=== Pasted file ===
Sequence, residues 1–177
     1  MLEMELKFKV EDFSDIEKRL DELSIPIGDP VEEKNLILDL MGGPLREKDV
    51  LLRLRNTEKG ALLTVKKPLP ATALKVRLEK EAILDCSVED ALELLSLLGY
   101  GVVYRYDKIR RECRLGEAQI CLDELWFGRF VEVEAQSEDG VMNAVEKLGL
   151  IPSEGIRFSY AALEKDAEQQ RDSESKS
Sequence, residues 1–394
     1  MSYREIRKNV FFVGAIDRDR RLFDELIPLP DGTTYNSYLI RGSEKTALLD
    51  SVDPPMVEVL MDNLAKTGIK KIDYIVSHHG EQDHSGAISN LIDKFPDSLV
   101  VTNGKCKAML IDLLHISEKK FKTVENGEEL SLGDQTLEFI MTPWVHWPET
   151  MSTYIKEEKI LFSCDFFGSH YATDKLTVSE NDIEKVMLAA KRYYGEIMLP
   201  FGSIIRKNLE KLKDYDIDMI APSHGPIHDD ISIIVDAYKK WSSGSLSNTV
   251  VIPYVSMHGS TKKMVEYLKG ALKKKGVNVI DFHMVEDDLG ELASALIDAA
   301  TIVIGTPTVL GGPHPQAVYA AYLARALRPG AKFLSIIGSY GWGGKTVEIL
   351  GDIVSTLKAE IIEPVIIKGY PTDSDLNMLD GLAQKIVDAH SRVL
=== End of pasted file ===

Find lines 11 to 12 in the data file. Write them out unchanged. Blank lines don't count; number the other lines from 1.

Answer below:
   201  FGSIIRKNLE KLKDYDIDMI APSHGPIHDD ISIIVDAYKK WSSGSLSNTV
   251  VIPYVSMHGS TKKMVEYLKG ALKKKGVNVI DFHMVEDDLG ELASALIDAA